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Molecular Classification of Cancers of Unknown Primary Expands and Refines Treatment Options

Authors Daniel J George, Elle C Moore, Gerard C Blobe, Nicholas C DeVito, Brent A Hanks, Michael R Harrison, Christopher J Hoimes, Jingquan Jia, Michael A Morse, Parvathy Jayaprakasan, Andrew MacKelfresh, Hillary Mulder, Kyle A Beauchamp, Jackson Michuda, Martin C Stumpe, Eric Perakslis, Timothy Taxter

Background: Patients with cancer of unknown primary (CUP) have a poor prognosis due to delays in diagnostic workup and empirically-selected platinum-based regimens that may not be the most active first line for the primary disease. The Tempus Tumor Origin (TO) test is a machine learning classifier that uses RNA-Seq data to identify the most likely cancer type or subtype from 68 possible diagnoses. Despite the importance of cancer type identification in advising guideline-based treatment, prior studies of molecular classifiers have found unclear clinical impact in the CUP setting.

Methods: We retrospectively analyzed de-identified records from 289 patients who received a diagnosis of uncertain/unknown primary; all had NGS and TO testing ordered by the original treating clinician. Two oncologists separately reviewed patient clinical information—including imaging, pathology, and NGS reports— to determine the course of treatment before they reviewed TO testing and evaluated whether the algorithm’s predicted diagnosis would change treatment. Disagreement was adjudicated by a third reviewer.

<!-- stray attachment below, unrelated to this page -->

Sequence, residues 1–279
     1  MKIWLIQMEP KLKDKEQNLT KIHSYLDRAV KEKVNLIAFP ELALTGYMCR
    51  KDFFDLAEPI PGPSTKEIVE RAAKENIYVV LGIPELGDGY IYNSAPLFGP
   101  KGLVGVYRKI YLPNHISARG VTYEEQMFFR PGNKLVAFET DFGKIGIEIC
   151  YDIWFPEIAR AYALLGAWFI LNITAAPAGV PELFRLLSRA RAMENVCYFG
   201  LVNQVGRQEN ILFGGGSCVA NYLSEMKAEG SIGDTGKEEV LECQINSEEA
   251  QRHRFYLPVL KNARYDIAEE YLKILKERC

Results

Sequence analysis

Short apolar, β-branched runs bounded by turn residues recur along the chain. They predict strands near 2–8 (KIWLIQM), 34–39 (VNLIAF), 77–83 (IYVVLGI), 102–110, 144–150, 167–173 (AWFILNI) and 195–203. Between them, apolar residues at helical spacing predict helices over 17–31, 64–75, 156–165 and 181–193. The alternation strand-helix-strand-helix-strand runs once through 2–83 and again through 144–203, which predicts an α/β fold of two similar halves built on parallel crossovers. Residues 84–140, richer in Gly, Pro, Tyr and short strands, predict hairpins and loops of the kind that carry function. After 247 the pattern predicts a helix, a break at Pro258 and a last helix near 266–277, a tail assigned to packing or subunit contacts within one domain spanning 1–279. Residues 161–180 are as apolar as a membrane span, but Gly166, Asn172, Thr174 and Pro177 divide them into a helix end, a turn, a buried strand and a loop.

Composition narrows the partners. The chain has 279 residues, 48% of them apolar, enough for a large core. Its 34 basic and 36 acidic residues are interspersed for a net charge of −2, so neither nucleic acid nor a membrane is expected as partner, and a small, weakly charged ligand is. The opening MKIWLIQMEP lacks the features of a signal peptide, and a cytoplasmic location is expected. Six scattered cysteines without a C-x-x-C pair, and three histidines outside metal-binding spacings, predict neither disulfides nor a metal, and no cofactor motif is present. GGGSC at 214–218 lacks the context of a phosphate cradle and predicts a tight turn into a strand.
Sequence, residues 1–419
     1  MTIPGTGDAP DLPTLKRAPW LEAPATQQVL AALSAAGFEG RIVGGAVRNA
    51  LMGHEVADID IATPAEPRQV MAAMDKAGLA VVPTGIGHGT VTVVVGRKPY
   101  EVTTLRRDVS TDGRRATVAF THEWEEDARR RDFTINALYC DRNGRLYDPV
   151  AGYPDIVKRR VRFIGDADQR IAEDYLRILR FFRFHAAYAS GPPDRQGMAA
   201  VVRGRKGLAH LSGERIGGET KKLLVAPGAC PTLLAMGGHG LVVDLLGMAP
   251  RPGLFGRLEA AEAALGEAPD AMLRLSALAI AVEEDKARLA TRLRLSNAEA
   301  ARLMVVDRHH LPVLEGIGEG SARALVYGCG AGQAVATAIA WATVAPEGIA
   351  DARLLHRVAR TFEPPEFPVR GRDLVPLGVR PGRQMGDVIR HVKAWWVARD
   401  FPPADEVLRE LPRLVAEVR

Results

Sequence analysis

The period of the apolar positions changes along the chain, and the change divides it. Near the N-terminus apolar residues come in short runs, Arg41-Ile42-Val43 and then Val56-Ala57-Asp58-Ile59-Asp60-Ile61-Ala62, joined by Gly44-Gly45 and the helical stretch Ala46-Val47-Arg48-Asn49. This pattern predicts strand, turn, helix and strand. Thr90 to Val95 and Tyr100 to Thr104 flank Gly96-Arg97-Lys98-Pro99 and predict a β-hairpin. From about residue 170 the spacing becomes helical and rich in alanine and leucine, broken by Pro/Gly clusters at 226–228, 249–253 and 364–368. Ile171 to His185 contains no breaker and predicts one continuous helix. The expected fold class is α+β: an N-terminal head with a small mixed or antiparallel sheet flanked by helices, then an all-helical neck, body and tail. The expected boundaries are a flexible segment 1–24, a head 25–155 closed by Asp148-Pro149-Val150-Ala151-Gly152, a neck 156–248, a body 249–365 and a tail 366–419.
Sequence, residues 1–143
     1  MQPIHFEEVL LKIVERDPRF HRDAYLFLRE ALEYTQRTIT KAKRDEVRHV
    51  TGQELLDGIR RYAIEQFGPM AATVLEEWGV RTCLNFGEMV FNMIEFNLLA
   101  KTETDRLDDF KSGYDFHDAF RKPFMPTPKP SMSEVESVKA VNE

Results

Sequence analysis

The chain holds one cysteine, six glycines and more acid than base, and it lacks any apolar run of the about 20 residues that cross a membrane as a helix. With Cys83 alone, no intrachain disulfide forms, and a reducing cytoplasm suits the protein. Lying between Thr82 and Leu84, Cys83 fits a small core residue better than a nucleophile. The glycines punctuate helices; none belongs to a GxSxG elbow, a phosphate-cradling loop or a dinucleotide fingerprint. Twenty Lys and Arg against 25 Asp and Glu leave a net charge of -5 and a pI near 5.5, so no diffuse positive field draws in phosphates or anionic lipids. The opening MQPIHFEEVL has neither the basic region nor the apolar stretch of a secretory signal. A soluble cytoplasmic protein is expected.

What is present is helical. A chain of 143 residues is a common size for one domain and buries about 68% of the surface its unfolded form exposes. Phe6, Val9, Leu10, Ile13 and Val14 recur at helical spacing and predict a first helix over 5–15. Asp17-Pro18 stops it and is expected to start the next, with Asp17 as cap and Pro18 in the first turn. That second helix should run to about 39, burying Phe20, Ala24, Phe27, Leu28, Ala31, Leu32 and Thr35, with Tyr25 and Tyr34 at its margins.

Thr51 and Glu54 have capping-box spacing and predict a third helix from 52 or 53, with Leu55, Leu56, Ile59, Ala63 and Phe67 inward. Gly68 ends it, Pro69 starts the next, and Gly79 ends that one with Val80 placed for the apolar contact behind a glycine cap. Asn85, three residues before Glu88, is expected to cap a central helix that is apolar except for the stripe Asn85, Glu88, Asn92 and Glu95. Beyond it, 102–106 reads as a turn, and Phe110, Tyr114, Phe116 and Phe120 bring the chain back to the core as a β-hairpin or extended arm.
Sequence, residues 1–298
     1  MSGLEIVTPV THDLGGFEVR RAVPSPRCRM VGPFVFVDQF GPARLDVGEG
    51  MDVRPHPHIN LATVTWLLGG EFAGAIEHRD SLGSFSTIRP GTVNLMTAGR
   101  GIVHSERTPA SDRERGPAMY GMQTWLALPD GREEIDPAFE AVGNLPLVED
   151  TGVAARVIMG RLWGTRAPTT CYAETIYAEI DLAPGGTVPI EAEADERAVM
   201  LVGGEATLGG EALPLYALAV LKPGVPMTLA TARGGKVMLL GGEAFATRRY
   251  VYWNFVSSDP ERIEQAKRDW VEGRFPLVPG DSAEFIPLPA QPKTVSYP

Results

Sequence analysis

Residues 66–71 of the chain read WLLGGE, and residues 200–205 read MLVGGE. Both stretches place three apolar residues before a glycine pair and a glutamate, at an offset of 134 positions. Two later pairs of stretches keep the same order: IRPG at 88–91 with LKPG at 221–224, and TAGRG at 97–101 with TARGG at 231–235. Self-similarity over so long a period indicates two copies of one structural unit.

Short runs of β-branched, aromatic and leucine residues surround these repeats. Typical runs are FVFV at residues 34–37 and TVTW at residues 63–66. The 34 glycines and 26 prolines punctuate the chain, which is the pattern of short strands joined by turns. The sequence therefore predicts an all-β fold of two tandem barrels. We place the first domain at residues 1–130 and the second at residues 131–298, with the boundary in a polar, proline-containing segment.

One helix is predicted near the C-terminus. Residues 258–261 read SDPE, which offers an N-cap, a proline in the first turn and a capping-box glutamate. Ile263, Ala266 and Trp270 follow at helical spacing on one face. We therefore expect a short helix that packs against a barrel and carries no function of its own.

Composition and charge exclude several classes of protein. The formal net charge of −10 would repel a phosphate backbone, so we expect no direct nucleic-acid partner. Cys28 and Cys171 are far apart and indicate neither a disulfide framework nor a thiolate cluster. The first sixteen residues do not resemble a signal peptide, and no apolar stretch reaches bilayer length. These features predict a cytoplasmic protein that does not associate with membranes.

Results: The most common cancer types predicted by the TO test were cholangiocarcinoma (n=58), lung adenocarcinoma (n=41), and pancreatic adenocarcinoma (n=22). The TO test results would have altered the treatment plan in 235 out of 289 cases (81%) and led to follow-up site-specific testing in 140 cases (48%). When treatments changed, the drugs that were most often removed as treatments were: 5-FU (n=46), oxaliplatin (n=42), and carboplatin (n=41). Gemcitabine and cisplatin were added as treatment recommendations in 54 and 49 cases, respectively. Additionally, non-chemotherapy changes include checkpoint inhibitors (CPI; added in 26 cases, removed in 4), surgery (added in 4 cases), and radiation (added in 3 cases, removed in 1).

Conclusions: In our study, we demonstrate that the TO test can specify a diagnosis that alters the therapeutic management for up to 81% of patients with unknown primary. These changes include the addition and removal of chemotherapy and CPI, as well as alterations in radiation and surgical treatments, highlighting the potential of molecular classifiers to provide clinical insight into the management of CUP patients.